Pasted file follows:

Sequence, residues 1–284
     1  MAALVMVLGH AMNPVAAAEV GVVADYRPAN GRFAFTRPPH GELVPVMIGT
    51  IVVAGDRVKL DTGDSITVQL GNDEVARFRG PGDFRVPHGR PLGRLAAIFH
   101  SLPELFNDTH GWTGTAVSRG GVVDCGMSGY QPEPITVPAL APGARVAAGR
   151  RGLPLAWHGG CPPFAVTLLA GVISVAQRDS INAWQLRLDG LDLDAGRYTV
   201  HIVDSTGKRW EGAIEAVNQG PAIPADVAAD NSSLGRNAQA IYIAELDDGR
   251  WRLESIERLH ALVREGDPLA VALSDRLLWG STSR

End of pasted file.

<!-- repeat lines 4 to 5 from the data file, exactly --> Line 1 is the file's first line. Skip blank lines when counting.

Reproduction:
   101  SLPELFNDTH GWTGTAVSRG GVVDCGMSGY QPEPITVPAL APGARVAAGR
   151  RGLPLAWHGG CPPFAVTLLA GVISVAQRDS INAWQLRLDG LDLDAGRYTV